Tuesday, July 22, 2014

First Impressions

Where to start?

I’m not sure why I am finding it so hard to put into words the ins and outs of our new life here in Bangkok.

We are trying, rather unsuccessfully, to resist constant comparison of Thailand to Tonga.

                  …. But if I were to compare…I would say my first impression is that there are some extreme differences-Thailand is big where Tonga is small, fast-paced where Tonga was slow, slow, slow, and well-stocked with anything and everything under the sun (food, clothes, entertainment, etc) where Tonga offered canned meat and the occasional bunch of lettuce, and the night stars were the only reason to be up past 7pm.

However, as I spend more time talking with people who have lived here before….as I walk the streets and observe-I find there are so many similarities. A sweet evening hour when the streets are full with people talking, gossiping, eating, dancing….so reminiscent of our evenings spent in “loto kolo” on good ‘ol Nuapapu. To live, once more, in a monarchy, where the people love and respect their king in a way so different than us Americans with our president. To feel, so intensely, the importance of language learning. To enjoy the constant hellos and smiles-the acknowledgement of one’s presence that just doesn’t happen that often in the States.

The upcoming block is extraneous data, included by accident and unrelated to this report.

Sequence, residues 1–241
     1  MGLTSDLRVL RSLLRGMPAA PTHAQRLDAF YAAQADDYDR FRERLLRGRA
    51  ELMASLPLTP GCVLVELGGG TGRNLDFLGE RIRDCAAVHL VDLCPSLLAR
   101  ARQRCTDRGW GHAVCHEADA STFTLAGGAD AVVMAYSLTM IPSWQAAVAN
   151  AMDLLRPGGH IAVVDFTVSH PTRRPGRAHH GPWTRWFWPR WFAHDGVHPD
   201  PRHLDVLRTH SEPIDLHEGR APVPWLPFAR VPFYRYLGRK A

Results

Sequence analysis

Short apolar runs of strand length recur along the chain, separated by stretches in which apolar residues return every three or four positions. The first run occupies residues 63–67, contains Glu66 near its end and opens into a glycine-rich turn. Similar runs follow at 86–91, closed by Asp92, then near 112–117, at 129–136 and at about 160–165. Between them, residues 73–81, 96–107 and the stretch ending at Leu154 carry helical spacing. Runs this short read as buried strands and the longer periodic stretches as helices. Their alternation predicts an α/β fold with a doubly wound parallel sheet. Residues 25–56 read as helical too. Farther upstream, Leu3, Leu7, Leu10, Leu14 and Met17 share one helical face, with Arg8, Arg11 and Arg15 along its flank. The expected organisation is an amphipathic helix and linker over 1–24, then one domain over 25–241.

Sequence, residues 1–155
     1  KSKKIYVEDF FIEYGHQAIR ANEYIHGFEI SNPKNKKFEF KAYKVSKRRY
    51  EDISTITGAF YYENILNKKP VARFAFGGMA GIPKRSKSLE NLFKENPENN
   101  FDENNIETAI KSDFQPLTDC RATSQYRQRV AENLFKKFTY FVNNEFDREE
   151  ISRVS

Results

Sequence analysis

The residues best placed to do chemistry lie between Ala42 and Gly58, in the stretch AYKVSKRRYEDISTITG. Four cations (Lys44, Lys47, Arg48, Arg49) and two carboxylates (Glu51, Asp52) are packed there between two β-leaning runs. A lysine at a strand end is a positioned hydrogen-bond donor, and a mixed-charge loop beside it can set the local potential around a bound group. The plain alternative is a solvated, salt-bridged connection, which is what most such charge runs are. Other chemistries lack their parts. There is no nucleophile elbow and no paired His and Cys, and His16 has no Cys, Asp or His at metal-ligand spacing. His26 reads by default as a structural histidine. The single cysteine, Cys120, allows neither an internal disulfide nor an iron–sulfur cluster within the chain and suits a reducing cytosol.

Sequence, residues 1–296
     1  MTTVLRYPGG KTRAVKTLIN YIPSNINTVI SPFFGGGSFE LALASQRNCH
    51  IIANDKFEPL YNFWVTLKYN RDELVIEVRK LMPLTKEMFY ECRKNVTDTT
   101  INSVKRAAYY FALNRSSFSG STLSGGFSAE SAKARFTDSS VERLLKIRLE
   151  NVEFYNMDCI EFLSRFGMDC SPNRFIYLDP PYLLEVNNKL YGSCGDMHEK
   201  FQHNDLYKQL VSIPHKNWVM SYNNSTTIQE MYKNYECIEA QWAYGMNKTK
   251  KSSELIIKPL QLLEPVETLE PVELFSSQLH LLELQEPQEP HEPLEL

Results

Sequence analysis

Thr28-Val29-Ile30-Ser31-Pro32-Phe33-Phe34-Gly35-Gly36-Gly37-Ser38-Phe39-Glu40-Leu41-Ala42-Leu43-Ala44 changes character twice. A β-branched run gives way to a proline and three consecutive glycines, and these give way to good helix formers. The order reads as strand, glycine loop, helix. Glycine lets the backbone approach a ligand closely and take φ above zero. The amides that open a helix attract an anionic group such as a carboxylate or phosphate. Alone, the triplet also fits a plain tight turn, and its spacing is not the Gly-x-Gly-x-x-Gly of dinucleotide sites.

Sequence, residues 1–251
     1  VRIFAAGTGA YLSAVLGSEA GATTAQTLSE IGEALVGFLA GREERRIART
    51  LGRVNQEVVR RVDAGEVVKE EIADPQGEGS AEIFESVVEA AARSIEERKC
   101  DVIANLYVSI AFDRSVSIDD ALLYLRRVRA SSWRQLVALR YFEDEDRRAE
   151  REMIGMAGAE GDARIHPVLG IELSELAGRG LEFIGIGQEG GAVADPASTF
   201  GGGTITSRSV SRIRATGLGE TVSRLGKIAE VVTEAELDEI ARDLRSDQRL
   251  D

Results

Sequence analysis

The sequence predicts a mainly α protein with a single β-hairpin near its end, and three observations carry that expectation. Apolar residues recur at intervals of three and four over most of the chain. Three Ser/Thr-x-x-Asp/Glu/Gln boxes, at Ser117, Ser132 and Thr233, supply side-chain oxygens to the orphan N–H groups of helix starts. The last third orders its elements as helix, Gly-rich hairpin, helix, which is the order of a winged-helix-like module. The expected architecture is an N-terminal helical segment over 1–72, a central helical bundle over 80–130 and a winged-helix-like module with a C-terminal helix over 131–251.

There have been times of wonder- wonder of whys and whats and whos- why Bangkok, what, exactly, is going to fill my time, and who will be our community.

But there have been far more moments of revelation, purpose, connecting, and comfort.

I am happy we are here, and though my doubts may bubble up from time to time, they are quickly eased. I feel now it would take 100 years to know the ins and outs of this city, this country. I’m so excited to discover more.

Monday, July 21, 2014

Apartment Pictures

New home in Bangkok!

Table and Kitchen



Living Room
We live in a studio. Our wardrobe separates the "living room" from our "bedroom"

Richards family tradition. These bells are gonna see the world!

Apartment 401=lots of stairs for me!

View from 4th floor. The parking lot is in front of our apartment building. The little house is the guard building-they open the gate to let cars in/out.

ICS (the school) is on the left.

Our bed and wardrobe